Editor’s note: This article was originally published June 12, 2014
Ed Sheeran is a little awkward, and so are his live shows.
That’s not to say that the 23-year-old British singer-songwriter, who taped an episode of "Austin City Limits" at the Moody Theater on Wednesday night, is untalented. On the contrary: Sheeran is gifted with strong pipes, a knack for penning weepy ballads and a charmingly self-conscious stage presence.
That last part may be one key to the copper-topped singer’s success. Sheeran beamingly wore a black ACL T-shirt for the episode (which will air sometime during the show’s 40th season that starts this fall). Channeling Hugh Grant from his lonely post onstage, Sheeran’s slouching, "Who, me? A pop star?" charisma kept the show running even when the marathon of balladry threatened to drag things down. Perhaps that doesn’t give credit where credit’s due: That charisma fed a fawning army of teenage girls. Sheeran’s devoted front-row Greek chorus sang along to every song with unceasing eye contact, many literally fanning themselves as their knees literally buckled.
If you were wondering if that sort of thing still happens at concerts, well, there you have it.
At his own admission, Sheeran’s catalog is largely "music to cry and eat ice cream to." It was canny to forestall the inevitable acoustic grind and instead open the set with a frenetic, extended take on "You Need Me, I Don’t Need You" off of debut album "+." Sheeran (figuratively) donned his best Jason Mraz hat, tenaciously sing-rapping, beatboxing and working the loop kit like a man possessed. The overlong number radiated both dogged enthusiasm and mush-mouthed clumsiness, but the target audience seemed to take both as a swoon-worthy positive.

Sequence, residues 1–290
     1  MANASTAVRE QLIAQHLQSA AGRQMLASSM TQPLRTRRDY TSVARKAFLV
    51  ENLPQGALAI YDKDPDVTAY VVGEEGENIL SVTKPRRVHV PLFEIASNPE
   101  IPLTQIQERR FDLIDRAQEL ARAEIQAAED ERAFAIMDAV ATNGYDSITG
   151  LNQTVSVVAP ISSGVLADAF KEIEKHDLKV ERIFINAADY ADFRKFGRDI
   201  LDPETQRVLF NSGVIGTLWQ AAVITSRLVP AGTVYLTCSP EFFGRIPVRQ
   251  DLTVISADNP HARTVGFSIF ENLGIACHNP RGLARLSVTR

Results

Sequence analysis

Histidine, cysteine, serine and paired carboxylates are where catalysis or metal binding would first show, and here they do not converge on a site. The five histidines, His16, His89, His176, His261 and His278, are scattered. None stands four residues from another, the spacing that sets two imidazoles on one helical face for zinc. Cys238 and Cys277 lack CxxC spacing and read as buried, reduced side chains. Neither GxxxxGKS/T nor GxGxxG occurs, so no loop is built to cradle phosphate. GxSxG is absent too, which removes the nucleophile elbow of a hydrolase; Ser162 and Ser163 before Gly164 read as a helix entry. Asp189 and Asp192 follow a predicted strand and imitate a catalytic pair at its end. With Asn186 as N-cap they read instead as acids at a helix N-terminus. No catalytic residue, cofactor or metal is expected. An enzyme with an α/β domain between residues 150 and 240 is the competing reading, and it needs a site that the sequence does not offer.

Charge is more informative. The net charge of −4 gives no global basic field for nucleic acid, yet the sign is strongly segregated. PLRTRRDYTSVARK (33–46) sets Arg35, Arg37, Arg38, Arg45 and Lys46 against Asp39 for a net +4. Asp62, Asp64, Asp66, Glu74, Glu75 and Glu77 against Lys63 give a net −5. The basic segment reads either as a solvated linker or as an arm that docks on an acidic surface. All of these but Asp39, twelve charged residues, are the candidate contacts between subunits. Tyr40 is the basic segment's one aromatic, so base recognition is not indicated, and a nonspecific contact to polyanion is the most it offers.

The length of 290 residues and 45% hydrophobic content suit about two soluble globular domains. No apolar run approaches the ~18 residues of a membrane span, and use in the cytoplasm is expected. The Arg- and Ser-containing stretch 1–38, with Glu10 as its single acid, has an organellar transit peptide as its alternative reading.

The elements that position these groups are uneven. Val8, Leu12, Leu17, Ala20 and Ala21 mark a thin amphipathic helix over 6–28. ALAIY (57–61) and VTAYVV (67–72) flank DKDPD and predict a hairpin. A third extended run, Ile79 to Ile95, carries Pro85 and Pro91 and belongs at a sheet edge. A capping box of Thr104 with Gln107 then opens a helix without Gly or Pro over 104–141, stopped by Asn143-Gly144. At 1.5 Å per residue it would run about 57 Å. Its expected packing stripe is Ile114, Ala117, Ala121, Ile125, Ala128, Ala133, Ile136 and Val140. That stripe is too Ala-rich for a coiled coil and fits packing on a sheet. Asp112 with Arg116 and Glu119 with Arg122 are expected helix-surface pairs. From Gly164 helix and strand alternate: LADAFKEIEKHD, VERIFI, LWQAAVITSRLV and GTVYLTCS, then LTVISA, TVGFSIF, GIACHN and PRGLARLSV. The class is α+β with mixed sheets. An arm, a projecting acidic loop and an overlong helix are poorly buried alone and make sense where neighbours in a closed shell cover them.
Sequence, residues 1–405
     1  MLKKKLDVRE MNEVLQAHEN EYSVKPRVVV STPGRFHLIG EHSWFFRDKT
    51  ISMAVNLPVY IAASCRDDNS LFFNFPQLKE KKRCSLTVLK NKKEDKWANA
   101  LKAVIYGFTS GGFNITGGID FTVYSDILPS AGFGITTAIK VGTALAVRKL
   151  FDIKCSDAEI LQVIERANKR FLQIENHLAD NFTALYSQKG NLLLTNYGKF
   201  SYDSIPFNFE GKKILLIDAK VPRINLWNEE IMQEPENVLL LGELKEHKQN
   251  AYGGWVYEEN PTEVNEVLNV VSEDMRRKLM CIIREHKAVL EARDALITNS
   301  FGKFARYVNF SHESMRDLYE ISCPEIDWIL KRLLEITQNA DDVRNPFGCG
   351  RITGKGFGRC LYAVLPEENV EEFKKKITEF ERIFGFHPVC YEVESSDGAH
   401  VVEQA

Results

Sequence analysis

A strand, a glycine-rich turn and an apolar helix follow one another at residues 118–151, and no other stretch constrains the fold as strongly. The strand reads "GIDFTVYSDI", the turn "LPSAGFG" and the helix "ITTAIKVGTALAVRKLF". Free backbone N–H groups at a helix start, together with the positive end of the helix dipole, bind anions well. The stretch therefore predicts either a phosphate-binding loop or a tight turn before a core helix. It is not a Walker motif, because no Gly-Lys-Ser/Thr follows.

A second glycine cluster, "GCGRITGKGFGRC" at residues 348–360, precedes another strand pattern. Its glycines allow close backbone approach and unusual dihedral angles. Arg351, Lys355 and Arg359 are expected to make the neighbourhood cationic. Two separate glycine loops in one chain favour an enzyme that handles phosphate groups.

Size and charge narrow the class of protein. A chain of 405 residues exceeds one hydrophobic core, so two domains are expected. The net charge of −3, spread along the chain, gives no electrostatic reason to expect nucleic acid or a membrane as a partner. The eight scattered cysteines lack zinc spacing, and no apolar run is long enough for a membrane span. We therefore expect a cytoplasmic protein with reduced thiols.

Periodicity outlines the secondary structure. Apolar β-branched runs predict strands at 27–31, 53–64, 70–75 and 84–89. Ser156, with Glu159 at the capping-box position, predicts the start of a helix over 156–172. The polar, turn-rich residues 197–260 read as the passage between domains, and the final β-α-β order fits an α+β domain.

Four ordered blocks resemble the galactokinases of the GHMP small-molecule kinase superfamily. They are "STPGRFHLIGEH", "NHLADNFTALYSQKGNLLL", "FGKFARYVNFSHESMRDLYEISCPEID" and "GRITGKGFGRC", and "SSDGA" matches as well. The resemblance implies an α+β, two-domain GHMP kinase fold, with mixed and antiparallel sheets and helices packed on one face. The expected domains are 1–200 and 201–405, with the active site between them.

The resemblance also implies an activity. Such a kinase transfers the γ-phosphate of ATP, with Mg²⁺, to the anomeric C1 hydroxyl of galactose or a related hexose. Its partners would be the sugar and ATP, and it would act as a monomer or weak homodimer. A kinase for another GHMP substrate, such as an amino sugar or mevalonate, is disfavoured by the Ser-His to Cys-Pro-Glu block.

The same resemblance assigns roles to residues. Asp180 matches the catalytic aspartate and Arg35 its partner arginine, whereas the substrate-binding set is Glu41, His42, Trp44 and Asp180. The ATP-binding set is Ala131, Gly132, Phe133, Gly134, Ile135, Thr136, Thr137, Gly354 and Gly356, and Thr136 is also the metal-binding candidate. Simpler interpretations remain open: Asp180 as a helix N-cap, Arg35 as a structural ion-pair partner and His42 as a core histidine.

Somewhat surprisingly, Sheeran threw hits like "The A Team" and "Lego House" out to the crowd almost perfunctorily. It took a little movie magic to really light up the Moody Theater, with performances of "I See Fire" and "All of the Stars" (from "The Hobbit: The Desolation of Smaug" and "The Fault In Our Stars" soundtracks, respectively) making the biggest mark on the evening.
The former stunned with stripped down beauty and Sheeran’s sterling voice. It also allowed him a cute bonding moment with a young boy in the front row. Sheeran said his father also took him to his first concert at a young age, and he dedicated "I See Fire" to someone he said looked like he enjoyed "dragons and dwarves." The latter tune, embracing the emotional power of its accompanying teen tearjerker flick, seemed to send a couple of young ladies into almost religious reverie. (When Sheeran sang "I can see the stars from America/I wonder, do you see them, too," one young lady raised her hands like she was at a praise-and-worship concert.)
Sheeran closed the evening the same way he started it: emulating another pop star prone to fedora abuse. If you’ve heard the Pharrell-produced "Sing" on the radio and thought it was Justin Timberlake, don’t feel bad. The club-ready single harnesses Sheeran’s adept falsetto for maximum "Justified"-era vibes.
The smooth-and-sexy style fit a tad gawkily on the singer, but the Moody Theater was ready for a party after a few rounds of songs about dragons and terminally ill teenagers. Before he left the stage, Sheeran instructed the crowd to repeat the song’s chanting hook ad infinitum — even after he left the stage, even after they got home.
Cheeky? Yes. But leaving a theater full of people uncomfortably chanting to diminishing returns while they wonder if you’re going to return to the stage? That’s just awkward.